Alright, this has to be one of the most addictive, unctuous and decacent desserts that a pastry chef has ever breathed life into. Its origins are a little obscure, but apparently it first appeared, in a similar guise, in an upmarket British food magazine sometime in the late 1980’s, under the name of "icky sticky toffee pudding". A well known Sydney chef put it on her dessert menu around the same time and the rest is history. It was an instant hit and it still remains on some good menus around town to this day. As an indicator of how popular this dessert is, a diner ordered our semolina and toffee pudding last weekend and expressed disappointment that it wasn’t "that toffee pudding"
So what makes it so good? Is it the dates? Everyone seems to love these sugar laden treats of the palm. But it could be the rich and dense texture of the pudding itself, which just sticks to your ribs, screaming sweet goodness. Or perhaps it is the heady toffee sauce that is poured, hot and bubbling, over the steaming pudding. My guess is it is a combination of the three.
Hungry yet? Well good, because not only is this pudding quasi-legendary, but it is easy enough for the keen kitchen novice to make, you don’t even need to separate the eggs. Trust me, make this pudding once and you will be hooked for life.
250 gm (1/2 lb) pitted, dried dates, roughly chopped
300 ml (1 1/4 cups) water
1 tsp bicarbonate of soda
100 gm (3 oz) unsalted butter, softened
250 gm (1/2 lb) caster sugar
250 gm (1/2 lb) self raising flour (or 250 gm all purpose flour, mixed with 1 tsp baking powder)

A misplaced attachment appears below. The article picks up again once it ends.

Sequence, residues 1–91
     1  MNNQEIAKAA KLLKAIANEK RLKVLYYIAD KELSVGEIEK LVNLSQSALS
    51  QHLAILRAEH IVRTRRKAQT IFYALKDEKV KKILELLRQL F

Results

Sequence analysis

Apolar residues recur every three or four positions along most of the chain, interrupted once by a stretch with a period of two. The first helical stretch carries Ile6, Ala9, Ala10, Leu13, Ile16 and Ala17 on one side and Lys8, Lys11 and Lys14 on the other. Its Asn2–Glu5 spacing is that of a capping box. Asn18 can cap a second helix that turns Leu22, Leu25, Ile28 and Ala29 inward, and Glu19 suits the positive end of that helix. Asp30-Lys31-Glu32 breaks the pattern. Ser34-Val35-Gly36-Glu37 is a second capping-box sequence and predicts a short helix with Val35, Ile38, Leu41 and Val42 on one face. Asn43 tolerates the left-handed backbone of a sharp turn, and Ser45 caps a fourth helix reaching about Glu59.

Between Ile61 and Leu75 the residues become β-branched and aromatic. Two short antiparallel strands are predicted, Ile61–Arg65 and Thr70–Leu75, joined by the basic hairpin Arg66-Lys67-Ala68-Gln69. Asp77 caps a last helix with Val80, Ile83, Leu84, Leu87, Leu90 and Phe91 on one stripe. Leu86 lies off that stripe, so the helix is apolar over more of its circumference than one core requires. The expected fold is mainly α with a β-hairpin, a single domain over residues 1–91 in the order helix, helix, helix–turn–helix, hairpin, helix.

1 tsp vanilla essence
375 gm (3/4 lb) unsalted butter, diced
500 gm (1 lb) soft brown sugar
1 tsp vanilla essence
450 ml (1 3/4 cups) thickened (whipping) cream (35 % butterfat)
For the pudding, mix together the butter, sugar and vanilla, then beat until it is pale and creamy. This is best done in an electric mixmaster, but if you have a strong arm, go ahead. Add the eggs, one at a time and mix well after adding each egg. Gently fold in the flour until well incorporated. Bring the water to the boil and add the dates. Add the bicarbonate of soda and immediately remove from the heat. Cool slightly, then add to the pudding mix. Combine well. Grease an 8 x 10 inch cake tin and pour in the pudding mix. Place in a pre-heated 180 °C (360 °F) oven for 40 minutes. Test with a skewer, it will come out clean when cooked
To make the toffee sauce, add all the ingredients to a saucepan and heat gently. Stir well as it heats, as it can separate easily. Once the sauce has melted and looks smooth, it is done – don’t over heat, or else it will split on you.
Remove the pudding from the cake tin and cut into large squares. Pour over the warm toffee sauce, then garnish with some softly whipped cream, Try not to think of your cardiologist, trust me.